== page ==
Opera has been a ripe topic for critics for centuries. The blend of music, words, and dramaturgy has made for a potent mix of elements on which critics have long delivered judgment. This chapter argues that opera criticism is borne not necessarily out of the act of passing judgment alone but is motivated by numerous social, intellectual, and economic interests. Critics past and present have included composer-critics, dilettantes, and intellectuals, who bring to criticism a variety of approaches and agendas through various media such as books, newspaper articles, and blogs. This chapter discusses cases studies from Britain with representative critics that include John M. Robertson, W. J. Galloway, Ernest Newman, and Barry Millington, while periodicals discussed in detail include the National Reformer, the Sunday Times, and the Speaker.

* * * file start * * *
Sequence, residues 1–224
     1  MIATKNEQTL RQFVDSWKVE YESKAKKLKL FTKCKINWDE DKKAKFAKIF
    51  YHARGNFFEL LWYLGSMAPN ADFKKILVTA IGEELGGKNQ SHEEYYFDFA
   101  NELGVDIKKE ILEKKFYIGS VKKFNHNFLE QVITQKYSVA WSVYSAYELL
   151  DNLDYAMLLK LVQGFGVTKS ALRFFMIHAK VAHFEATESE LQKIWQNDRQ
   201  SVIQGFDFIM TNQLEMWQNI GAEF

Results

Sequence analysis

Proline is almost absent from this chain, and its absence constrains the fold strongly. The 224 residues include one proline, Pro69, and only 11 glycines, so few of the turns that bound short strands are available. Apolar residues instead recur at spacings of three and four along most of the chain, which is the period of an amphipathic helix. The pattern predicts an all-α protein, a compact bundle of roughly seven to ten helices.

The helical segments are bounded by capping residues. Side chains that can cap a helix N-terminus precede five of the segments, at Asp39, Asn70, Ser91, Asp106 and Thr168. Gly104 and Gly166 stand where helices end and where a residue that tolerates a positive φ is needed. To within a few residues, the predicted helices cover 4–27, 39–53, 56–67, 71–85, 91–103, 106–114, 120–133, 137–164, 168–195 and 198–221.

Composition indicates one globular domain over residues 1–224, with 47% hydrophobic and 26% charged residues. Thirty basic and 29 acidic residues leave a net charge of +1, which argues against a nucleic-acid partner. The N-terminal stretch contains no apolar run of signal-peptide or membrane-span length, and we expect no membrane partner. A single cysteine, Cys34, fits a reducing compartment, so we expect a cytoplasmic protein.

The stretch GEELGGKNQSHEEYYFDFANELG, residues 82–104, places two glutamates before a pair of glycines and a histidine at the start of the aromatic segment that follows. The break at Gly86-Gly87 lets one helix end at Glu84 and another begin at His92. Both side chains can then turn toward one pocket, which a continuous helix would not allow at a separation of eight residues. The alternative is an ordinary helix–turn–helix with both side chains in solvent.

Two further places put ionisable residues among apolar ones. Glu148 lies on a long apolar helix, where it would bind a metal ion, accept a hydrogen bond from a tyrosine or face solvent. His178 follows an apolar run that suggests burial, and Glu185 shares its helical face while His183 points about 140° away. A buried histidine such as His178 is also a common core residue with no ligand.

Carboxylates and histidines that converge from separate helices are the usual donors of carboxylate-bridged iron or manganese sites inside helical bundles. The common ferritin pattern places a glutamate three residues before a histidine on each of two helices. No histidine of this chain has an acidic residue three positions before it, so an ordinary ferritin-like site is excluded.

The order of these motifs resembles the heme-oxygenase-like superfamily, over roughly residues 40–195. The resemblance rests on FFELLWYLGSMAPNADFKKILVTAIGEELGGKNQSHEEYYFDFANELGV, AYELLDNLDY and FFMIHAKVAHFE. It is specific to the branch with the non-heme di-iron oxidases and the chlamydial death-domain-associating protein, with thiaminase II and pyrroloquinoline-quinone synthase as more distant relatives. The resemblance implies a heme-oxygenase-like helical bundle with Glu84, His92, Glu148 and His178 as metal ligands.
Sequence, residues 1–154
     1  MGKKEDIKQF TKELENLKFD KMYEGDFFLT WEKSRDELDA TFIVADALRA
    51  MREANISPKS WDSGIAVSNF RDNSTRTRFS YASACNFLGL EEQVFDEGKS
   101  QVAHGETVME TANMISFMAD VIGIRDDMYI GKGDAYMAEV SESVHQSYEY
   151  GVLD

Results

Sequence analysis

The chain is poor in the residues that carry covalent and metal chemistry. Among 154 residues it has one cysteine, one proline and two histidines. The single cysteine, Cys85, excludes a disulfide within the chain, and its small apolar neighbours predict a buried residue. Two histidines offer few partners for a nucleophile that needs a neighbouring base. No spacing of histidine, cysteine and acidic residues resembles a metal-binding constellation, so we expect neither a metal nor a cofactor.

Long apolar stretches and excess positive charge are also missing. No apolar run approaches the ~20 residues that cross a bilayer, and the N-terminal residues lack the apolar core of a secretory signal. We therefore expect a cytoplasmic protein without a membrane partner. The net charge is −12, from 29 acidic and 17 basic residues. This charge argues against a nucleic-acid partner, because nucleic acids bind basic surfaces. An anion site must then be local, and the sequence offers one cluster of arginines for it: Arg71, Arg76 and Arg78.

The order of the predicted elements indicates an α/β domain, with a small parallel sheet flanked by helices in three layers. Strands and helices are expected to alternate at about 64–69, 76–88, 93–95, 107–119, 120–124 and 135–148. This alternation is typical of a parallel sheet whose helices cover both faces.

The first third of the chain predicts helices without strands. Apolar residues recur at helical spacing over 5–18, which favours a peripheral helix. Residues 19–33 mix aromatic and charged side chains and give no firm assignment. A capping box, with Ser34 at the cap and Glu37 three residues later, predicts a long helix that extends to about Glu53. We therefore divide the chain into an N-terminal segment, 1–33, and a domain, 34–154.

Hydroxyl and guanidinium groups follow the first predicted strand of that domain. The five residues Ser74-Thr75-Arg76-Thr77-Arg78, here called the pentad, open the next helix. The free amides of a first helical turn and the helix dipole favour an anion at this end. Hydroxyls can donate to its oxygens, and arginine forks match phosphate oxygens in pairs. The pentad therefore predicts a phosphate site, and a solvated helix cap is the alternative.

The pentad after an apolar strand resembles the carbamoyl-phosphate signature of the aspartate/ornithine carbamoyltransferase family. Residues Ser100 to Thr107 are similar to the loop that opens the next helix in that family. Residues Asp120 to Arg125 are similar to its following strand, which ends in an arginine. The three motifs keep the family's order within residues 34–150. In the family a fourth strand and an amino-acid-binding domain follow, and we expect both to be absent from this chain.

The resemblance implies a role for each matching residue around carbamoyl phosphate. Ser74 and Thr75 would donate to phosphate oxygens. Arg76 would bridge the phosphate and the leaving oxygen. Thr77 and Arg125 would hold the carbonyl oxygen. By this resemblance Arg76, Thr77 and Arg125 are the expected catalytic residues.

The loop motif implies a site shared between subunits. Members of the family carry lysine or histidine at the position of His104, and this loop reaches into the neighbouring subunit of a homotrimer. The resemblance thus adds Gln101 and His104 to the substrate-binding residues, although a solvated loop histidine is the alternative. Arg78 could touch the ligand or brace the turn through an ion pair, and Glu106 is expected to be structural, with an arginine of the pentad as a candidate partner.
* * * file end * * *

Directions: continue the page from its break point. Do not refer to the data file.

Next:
|Title of host publication||The Oxford Handbook of Opera|
|Editors||Helen M Greenwald|
|Place of Publication||New York NY UK|
|Publisher||Oxford University Press|
|Pages||881 - 898|
|Number of pages||18|
|Publication status||Published - 2014|